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  • Place of origin:

    England (made)

  • Date:

    1660-1685 (made)
    post 1680 (altered)

  • Artist/Maker:


  • Materials and Techniques:

    Steel with carved ivory

  • Credit Line:

    Given by Mrs H. Farquhar

  • Museum number:


  • Gallery location:

    In Storage

This fork of ivory and steel represents King Charles II (1630-1685; r. 1660-85), crowned and holding a sceptre. The object is likely to be contemporary with his reign.
Knives have been used since prehistoric times, but the history of knives, forks and spoons for eating in Europe probably commenced in the fourteenth century, and their use became accepted by the sixteenth century. Until the late seventeenth century it seems to have been common practice for people to carry their own cutlery, often in a leather case.
Ebony, ivory, fish skin, tortoiseshell, amber, bone, horn and shell were all popular for decorating cutlery. Around 1730 ceramic handles were introduced to Europe from China. Although cutlers were required by their guilds to be able to make a complete knife, handles of carved ivory, silver, bronze and glass were usually imported or made by specialist craftsmen.

Physical description

Fork with an ivory handle carved with the crowned figure of Charles II in Garter mantle with sceptre and sword.

Place of Origin

England (made)


1660-1685 (made)
post 1680 (altered)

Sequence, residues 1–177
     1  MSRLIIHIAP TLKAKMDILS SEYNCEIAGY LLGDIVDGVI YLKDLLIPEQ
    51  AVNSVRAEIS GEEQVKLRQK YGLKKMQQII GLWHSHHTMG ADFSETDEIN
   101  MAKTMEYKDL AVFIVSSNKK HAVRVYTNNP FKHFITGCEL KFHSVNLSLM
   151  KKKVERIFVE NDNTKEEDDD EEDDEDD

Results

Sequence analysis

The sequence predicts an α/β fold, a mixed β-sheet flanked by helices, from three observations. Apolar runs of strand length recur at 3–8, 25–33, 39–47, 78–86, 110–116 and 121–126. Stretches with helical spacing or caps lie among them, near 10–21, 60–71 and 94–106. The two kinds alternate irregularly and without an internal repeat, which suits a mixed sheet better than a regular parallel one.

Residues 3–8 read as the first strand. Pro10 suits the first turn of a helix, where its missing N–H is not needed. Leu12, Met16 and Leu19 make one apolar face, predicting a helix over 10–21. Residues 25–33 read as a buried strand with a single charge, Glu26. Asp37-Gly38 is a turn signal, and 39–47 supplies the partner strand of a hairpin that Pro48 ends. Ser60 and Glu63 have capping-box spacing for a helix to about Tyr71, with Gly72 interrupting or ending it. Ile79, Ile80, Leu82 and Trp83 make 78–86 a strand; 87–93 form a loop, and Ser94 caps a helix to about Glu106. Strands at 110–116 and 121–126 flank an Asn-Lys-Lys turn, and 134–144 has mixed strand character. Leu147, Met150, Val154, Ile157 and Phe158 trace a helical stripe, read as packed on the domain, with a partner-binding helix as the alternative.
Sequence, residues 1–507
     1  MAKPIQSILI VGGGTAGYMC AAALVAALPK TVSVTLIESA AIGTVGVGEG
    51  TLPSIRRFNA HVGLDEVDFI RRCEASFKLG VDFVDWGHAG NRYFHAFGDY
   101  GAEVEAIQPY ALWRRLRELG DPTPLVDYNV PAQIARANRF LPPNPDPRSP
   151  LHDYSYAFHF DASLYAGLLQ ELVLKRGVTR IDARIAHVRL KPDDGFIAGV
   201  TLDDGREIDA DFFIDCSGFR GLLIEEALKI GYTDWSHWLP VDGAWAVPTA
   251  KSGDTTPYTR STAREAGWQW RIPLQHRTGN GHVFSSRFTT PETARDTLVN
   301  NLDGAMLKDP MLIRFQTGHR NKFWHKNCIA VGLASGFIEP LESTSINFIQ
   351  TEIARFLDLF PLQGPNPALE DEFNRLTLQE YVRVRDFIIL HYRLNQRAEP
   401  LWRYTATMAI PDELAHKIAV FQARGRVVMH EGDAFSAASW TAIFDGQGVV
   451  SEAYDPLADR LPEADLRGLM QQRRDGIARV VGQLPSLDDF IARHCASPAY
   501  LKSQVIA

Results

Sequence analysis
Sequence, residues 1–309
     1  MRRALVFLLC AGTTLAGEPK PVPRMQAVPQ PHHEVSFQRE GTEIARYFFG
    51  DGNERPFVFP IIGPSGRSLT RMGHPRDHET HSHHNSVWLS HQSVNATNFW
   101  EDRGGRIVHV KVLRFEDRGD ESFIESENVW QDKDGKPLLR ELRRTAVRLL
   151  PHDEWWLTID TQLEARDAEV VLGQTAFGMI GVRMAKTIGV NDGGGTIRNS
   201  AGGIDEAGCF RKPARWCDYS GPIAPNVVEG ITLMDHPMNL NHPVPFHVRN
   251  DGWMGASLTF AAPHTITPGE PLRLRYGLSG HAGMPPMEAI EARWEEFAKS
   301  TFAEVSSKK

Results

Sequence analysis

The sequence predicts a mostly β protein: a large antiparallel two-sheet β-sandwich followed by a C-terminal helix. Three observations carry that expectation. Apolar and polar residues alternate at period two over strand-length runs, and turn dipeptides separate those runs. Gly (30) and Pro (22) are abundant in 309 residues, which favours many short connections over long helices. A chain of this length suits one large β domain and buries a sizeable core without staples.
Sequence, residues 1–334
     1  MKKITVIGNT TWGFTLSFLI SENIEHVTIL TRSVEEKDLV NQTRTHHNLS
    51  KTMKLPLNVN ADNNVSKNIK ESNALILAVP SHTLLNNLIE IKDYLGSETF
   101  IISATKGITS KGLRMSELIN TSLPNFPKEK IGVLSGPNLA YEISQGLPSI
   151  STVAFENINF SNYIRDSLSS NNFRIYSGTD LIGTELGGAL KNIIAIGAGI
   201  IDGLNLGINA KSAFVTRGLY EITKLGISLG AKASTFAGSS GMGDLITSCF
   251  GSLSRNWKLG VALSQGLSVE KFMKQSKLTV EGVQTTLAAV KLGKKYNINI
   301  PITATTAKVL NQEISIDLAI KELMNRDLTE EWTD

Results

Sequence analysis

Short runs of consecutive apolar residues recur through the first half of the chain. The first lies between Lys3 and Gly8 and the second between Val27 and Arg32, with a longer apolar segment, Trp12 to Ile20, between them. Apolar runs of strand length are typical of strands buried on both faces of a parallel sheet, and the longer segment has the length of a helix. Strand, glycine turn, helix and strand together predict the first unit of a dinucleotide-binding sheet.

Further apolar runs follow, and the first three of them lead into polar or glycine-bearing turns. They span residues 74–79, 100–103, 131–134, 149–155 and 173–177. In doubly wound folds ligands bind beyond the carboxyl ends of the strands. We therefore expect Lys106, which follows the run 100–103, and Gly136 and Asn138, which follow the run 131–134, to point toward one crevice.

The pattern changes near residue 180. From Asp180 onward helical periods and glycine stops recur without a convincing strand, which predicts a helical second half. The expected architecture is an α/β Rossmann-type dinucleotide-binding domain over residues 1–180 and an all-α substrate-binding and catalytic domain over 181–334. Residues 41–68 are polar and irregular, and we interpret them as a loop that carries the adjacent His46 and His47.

Materials and Techniques

Steel with carved ivory


Length: 15 cm whole, Length: 6.5 cm ivory alone

Object history note

Given by Miss Helen Farquhar, Belgrave Square, London, in 1925.

Descriptive line

Fork, ivory and steel, carved with the crowned figure of Charles II, the tines are probably later than the handle, England, 1660-1685

Bibliographic References (Citation, Note/Abstract, NAL no)

p. 15, pl. X
Hayward, John F., English Cutlery Sixteenth to Eighteenth Century (Victoria & Albert Museum), London, 1957
pp. 435, 436
Trusted, Marjorie, Baroque & Later Ivories, Victoria & Albert Museum, London, 2013
Trusted, Marjorie, Baroque & Later Ivories, Victoria & Albert Museum, London, 2013, pp. 435, 436, cat. no. 470


Steel; Ivory


Forging; Carving

Subjects depicted

Swords; Order of the Garter; Sceptres


Arms & Armour; Metalwork; Tools & Equipment; Accessories


Metalwork Collection

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